Thursday, October 25, 2012

Class Discussion, Oct. 24, 2012

     This post addresses the question Abe had posed in class yesterday about why it's offensive to label all individuals from the Asian continent as "Asian" but why the same is not true when we label "Americans" as such, although "Americans" too stem from different origins.  Although I can understand his perspective, truth be told, I believe that the argument is like comparing apples to oranges--Asians, as a whole, are a group of people that have hardly been explored, learned, or taught through the media, so our frustrations stem from the fact that "Asians" are a continent of people who are not only of different origins, but of different practices, religions, traditions, histories, and ultimately languages that divide us and make us incomprehensible to other "Asians".  We are a people of a continent that is always viewed as the submisssive, the aggressors, and now--in current times--terrorists.  The reason why, personally speaking, it's irrelevant to distinguish our origins when we label ourselves as "American" is because of the sheer fact that we have chosen to take on that title, we have chosen to acclimate to those ideals, those cultures, those practices, and all that belongs and is associated with "American" ways (for lack of better words).  WE CHOOSE to let go of our origins to acclimate to the current association of being "American".  Simply put, familarity in being American is why it's irrelevant to distinguish our origins, because although we all come from a different ethnic past that defines how and when we arrived here in the States, we are familiar with the expecations and ideals of this country--the same is not true for the entirety of the Asian continent.  There are no similarities or familiarities amongst the Chinese, Japanese, Koreans, Indians, Arabians, Iraqis, etcs.  because we are all of a totally different breed.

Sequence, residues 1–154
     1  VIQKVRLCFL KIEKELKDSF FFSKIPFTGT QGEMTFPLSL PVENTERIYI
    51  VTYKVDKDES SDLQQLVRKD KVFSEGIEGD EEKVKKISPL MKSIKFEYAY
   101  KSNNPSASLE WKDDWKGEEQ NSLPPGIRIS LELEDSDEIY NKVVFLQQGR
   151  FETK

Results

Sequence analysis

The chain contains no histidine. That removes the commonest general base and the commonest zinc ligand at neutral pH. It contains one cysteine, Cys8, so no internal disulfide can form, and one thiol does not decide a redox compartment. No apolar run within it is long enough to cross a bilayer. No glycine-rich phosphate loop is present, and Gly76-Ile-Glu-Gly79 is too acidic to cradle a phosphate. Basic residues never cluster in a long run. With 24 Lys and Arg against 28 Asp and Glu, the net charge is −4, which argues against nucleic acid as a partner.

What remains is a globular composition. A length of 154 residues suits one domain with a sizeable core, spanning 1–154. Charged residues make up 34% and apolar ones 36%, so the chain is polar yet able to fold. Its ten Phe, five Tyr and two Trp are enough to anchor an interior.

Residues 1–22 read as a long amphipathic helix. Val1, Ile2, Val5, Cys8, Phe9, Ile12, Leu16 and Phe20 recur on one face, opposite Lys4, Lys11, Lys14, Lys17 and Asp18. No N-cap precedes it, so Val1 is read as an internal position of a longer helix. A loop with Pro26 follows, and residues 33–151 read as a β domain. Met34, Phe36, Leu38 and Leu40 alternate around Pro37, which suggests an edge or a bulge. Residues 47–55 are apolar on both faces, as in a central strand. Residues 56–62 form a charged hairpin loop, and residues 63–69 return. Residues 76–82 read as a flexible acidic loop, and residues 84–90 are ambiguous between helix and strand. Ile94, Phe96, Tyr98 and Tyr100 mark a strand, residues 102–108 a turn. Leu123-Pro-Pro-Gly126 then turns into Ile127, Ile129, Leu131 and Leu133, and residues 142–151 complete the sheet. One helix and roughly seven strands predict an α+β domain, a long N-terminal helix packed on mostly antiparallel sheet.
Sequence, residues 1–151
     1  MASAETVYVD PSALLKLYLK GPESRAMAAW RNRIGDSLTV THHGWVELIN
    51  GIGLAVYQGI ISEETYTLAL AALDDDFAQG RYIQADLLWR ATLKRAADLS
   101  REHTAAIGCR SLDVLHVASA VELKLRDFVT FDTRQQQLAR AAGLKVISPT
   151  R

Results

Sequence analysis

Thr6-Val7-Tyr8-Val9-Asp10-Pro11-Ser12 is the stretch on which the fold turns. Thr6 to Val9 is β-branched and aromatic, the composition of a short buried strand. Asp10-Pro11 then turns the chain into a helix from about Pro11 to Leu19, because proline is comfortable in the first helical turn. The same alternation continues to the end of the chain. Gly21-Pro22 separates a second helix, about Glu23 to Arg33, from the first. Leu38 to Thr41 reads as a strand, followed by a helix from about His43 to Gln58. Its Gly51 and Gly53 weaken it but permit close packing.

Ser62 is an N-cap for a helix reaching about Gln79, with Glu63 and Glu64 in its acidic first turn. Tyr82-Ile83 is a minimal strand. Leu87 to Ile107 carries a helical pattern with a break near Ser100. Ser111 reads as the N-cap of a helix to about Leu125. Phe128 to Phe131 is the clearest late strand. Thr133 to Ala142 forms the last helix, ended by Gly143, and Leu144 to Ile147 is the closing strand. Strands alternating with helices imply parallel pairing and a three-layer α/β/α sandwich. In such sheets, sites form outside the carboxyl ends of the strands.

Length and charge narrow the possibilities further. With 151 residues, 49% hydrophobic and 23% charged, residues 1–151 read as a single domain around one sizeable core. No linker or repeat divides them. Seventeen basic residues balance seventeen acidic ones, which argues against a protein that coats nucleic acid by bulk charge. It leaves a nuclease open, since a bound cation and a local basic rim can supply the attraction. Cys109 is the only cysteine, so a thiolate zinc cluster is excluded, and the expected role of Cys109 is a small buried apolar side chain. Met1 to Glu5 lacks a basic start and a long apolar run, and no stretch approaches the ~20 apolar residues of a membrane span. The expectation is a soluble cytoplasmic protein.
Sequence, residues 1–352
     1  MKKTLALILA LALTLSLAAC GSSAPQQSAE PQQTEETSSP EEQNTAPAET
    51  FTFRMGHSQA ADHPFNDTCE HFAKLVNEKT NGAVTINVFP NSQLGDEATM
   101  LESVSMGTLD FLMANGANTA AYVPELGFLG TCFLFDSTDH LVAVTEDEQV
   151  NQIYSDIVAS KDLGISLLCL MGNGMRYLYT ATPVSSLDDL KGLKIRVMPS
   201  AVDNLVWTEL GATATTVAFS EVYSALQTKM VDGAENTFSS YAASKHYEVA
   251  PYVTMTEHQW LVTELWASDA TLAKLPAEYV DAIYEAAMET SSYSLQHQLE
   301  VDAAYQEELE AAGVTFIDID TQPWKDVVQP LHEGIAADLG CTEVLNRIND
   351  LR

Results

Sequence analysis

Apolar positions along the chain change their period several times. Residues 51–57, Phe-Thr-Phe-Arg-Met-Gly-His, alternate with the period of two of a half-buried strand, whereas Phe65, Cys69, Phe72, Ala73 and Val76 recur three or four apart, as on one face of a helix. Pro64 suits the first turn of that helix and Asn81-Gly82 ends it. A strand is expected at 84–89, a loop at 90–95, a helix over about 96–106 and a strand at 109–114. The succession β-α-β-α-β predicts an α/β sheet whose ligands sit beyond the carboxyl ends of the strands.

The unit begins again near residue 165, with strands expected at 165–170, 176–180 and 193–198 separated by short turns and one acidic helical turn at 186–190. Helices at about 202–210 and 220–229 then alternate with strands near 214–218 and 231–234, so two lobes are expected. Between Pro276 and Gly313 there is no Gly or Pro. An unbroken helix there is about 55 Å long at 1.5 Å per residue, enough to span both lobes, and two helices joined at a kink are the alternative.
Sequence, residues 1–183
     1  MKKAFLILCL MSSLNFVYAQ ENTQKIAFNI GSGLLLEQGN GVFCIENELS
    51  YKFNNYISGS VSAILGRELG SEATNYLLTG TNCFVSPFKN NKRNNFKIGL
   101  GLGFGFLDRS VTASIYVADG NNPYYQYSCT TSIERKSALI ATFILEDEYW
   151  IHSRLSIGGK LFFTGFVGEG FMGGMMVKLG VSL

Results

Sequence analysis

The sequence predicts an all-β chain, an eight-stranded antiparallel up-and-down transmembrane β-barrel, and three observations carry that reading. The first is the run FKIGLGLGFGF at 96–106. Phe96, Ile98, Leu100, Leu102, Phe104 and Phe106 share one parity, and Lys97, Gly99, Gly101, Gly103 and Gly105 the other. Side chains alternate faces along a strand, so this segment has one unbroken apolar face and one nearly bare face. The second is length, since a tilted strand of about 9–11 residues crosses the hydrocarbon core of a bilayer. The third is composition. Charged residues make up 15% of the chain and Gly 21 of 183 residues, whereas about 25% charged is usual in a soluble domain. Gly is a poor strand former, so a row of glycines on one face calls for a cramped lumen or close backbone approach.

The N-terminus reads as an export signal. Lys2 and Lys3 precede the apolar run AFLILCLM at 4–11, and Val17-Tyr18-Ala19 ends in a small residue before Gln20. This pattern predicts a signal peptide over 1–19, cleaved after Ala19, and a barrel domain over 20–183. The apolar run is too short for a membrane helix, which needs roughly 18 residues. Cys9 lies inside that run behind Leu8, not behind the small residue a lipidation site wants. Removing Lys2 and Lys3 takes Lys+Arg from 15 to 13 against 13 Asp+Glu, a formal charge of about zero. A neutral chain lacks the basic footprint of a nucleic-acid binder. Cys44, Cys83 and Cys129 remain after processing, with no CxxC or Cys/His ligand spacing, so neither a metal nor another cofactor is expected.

--Christina Zachariah

1 comment:

  1. I agree with what you've said, Christina. If I'm understanding Abe's point correctly, I think it's more a problem of semantics. When we say American, it generally comes to refer to the nation of the United States of America, rather than apply to a greater continental sense that includes the Caribbean, North, South or Central America. If the term 'American' came to apply to all countries from South, Central, and North America, then I think we could say it's similarly offensive, but it doesn't; therein lies the difference. Someone from Canada, while still North American, is seen by his/her nationality, as a Canadian, rather than continent, as a North American. Conversely, an individual from, say, Cambodia is often seen as 'Asian' - by one's continent - rather than as Cambodian, nationality; it strips them of their national identity and heritage.

    Also, it goes without saying, but the sheer size and diversity of the entire continent of Asia makes the ethnic consolidation approach all the more egregious.